CHICAGO BULLS & BLACKHAWKS
I've always been all things Chicago. It's the place of my birth and my family roots are there. I feel at home in the city. So when basketball season and hockey season came around, the teams I followed were the Bulls and the Blackhawks. The Bulls of my youth weren't very good, but I liked Artis Gilmore and his massive afro. The Blackhawks had a really cool logo, and I knew all about Bobby Hull and Stan Mikita and Tony Esposito.
While I was at Purdue in the mid-1980s, I had the opportunity to take in several Bulls and Blackhawk games at the old Chicago Stadium, the "Madhouse on Madison." I fell in love with that old arena. It was kind of a dump, but it had character, the same way it was at the old Comiskey Park and Wrigley Field before it was remodeled. THen Michael Jordan arrived, and we could no longer find, or afford, tickets to games. THe new United Center replaced Chicago Stadium, and it didn't have teh same feel. We enjoyed the dynastic ride of the Jordan's Bulls, followed by the more recent championship runs of the Blackhawks.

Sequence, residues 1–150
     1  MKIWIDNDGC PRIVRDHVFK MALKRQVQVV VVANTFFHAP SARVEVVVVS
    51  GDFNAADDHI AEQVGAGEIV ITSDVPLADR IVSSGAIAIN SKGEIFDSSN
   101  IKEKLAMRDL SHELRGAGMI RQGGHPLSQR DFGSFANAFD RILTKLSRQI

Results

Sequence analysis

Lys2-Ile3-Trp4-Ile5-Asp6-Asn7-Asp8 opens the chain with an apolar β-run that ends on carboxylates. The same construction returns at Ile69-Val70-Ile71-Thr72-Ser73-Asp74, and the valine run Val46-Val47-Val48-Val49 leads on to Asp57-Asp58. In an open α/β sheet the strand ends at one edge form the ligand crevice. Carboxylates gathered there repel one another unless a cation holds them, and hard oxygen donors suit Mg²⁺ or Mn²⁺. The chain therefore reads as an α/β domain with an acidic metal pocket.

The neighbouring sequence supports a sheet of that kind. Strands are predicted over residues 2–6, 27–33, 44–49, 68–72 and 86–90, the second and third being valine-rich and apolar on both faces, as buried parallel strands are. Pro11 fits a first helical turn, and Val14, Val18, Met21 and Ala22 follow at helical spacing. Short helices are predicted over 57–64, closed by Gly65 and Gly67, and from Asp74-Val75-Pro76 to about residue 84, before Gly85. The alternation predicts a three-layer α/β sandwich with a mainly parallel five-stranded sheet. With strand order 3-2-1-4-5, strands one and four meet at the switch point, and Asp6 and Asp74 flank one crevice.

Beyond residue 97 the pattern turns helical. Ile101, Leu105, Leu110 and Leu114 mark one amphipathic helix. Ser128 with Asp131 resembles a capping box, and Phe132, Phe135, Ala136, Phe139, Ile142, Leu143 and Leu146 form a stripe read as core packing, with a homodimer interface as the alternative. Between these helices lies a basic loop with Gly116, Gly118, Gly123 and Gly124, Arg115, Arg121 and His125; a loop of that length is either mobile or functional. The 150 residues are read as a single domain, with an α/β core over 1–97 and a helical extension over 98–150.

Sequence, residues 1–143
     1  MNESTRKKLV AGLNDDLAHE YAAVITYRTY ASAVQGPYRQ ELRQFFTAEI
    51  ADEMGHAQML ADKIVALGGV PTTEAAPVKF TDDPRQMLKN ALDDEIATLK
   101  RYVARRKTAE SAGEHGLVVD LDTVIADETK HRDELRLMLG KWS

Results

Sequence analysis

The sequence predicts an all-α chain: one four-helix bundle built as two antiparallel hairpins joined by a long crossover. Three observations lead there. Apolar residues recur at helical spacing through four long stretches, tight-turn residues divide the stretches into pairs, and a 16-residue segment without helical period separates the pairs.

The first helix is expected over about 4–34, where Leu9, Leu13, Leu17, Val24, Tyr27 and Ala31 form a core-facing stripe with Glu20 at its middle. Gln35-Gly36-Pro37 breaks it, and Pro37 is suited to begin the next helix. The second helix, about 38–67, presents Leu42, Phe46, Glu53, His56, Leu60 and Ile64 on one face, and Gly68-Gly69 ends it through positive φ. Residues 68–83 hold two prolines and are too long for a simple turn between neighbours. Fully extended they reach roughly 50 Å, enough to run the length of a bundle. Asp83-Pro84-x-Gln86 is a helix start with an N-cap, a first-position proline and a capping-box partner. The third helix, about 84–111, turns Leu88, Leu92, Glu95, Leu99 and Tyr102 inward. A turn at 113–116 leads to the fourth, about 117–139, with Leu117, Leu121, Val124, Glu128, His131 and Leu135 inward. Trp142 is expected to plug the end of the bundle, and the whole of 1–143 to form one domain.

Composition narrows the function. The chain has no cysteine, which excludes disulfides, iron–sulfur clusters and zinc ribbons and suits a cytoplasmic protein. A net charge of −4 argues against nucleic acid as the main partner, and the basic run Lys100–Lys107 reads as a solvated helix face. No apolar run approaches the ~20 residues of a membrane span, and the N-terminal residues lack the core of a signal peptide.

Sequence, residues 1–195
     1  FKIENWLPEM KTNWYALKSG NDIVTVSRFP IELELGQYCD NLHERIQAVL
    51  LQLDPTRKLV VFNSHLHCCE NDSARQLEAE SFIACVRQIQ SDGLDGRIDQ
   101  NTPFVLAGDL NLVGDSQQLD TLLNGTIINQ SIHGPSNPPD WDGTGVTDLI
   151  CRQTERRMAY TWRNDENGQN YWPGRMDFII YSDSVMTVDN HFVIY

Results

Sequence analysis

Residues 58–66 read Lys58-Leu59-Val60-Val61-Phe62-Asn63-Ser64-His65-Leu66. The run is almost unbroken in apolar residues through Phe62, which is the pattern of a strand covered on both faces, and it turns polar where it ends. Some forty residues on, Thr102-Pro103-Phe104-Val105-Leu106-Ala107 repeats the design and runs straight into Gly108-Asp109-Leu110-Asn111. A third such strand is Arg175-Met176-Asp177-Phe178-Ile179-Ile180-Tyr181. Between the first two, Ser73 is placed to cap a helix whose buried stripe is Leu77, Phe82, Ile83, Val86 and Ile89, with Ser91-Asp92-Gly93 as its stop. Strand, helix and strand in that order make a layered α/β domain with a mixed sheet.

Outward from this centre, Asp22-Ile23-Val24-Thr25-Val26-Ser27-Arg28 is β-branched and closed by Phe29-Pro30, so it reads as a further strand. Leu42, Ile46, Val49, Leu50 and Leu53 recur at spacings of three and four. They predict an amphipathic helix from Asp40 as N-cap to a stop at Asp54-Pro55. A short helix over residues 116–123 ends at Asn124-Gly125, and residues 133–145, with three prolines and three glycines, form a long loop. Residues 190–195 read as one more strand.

The Bulls haven't been relevant since, and I've somewhat split my NBA allegiances and have a soft spot for the Pacers, who always seem to be the try-hard franchise since Reggie Miller lifted the team and the city. I've probably seen more Pacers games in the last 20 years than Bulls' games. I still follow the Blackhawks and keep the faith that they can get one more run out of Toews and Kane.
THis is all about the arena, old Chicago Stadium.
When we were going to games there, we sometimes could get tickets in the lower arena, and got to see Jordan as a rookie. For Blackhawks games, we found ourselves most times in the upper arena. In close games, the old stadium really got rocking — literally. You could almost feel the stands shaking and wondered if they coud hold up or come crashing down. The old pipe organ (played by the great Nancy Faust) was built into the arena and along with the massive horn that boomed on home goals, it gave the place a whole different vibe. The other tradition that started at that time was the crowd cheering through the singing of the National Anthem. Wayne Messmer, who sang a terrific, booming rendition, got the whole place worked up into a frenzy that lasted thoughout the contest.